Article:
This has hugely negative ramifications for the state of the country, mainly because tensions are intensifying and anger between both sides is increasing. People think of those on ‘the other side of the aisle’ less and less as fellow Americans and more as enemies.
It is easier to imagine the United States right now as divided in two rival sports fan bases. Both sides began simply rooting for their respective teams, but as time went on and things got grittier, tensions rose and the fans got more involved leading to a hatred of the other team. This hatred has now blossomed into an emotion that is on par with having the fans own base winning—they view these sentiments as equals. Politics is not a sport and the consequences of winners and losers is obviously more severe than it is in professional sports, but for many this is how it is being treated.
So why exactly is this a big deal?
Well, we have already seen a trend of some people putting party allegiance before ideologies. This is dangerous. What we haven’t seen as much of (until now) is people putting party allegiances before establishments and systems put in place by the Constitution. THIS IS EXTREMELEY DANGEROUS.
The Trump administrations repeated undermining of the Presidential election voting process is destructive and bad for democracy, but with such little evidence that voter fraud is actually going on, I argue that the continued support by Trump’s base is a two way street. People have to choose to ignore the lack of evidence to continue to support Trump’s lost cause push for the White House, and some of this willful ignorance comes from a party first mentality. Evidence proving Trump’s claims to be true would be helpful to this base, but without said evidence it wouldn’t matter; Trump is their leader and they would follow him to the ends of the earth on nothing but his word… and why? Because having their party win over the opposing one is priority number 1.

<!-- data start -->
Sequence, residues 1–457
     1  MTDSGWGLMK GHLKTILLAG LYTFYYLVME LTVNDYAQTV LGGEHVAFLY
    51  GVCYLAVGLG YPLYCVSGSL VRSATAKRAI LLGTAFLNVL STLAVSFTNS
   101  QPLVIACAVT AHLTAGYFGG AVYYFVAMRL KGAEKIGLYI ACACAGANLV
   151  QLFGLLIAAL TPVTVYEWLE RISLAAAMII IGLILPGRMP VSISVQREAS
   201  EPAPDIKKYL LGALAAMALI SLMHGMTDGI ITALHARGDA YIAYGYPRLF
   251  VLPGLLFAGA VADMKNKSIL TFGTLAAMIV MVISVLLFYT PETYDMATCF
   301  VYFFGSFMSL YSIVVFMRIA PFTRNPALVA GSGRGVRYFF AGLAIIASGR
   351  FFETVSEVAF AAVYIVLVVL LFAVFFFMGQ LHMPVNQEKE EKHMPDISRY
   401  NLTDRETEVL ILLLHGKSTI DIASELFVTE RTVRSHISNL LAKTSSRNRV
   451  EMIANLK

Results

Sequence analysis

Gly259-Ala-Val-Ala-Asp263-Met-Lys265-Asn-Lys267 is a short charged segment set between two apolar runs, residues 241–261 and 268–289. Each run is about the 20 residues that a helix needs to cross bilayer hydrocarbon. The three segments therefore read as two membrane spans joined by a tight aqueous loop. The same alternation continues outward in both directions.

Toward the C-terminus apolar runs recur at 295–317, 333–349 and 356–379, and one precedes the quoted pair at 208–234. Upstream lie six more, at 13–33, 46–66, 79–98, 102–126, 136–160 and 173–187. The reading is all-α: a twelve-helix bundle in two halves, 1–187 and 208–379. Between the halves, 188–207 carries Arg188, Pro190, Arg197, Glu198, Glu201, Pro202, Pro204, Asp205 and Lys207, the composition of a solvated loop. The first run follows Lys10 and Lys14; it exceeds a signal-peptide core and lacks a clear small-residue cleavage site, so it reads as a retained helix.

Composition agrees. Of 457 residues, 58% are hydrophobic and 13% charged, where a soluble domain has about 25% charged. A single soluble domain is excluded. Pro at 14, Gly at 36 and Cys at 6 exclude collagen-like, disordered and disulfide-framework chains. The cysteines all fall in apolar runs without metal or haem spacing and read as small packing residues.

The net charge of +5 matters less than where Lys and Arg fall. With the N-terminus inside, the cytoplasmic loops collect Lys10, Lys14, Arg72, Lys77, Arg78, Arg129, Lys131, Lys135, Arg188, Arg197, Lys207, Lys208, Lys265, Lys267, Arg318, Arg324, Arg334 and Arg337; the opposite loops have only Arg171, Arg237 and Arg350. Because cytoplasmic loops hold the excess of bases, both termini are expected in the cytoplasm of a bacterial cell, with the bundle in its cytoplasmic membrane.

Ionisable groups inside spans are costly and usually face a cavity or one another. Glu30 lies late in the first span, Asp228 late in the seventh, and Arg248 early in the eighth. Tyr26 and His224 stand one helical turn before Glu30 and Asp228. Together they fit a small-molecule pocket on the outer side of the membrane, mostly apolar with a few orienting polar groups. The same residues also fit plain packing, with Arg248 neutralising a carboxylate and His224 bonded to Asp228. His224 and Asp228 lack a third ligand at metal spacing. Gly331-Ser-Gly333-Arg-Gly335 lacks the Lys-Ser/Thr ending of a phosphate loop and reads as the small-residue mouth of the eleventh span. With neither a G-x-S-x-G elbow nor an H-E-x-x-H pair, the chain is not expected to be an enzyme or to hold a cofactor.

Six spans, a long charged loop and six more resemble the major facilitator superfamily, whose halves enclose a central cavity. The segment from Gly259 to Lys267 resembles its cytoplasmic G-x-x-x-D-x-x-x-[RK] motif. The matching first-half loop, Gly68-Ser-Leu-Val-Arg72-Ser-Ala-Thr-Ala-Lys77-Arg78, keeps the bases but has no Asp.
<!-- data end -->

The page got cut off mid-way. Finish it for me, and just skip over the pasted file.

We are verging on the point now where some people feel that a win for their party is more important than following the rules at all. This misses the entire point of a political, democratic system and is leading to a more divided America.
According to a recent Reuters/Ipsos poll, 28% of Americans believed the past election to be “the result of illegal voting or election rigging”. Not only is this number way bigger than you’d expect, but the people who believe this are making these assumptions with no evidence to back up these claims. Some of this could be naivety or could be attributed to people succumbing to voting system doubt tactics put on display by the Trump team, but a lot of this number is a blind following based on party loyalty.
We are seeing Party loyalty begin to supersede other values more and more frequently. This is a shame because a devout, energized base is good for political parties… but only to an extent. With an increasing number of Americans sharing an ‘us vs. them’ mentality against people in their own country, party lines have never been more significant. Americans are beginning to forget what they were fighting for in the first place… and it could prove very, very costly.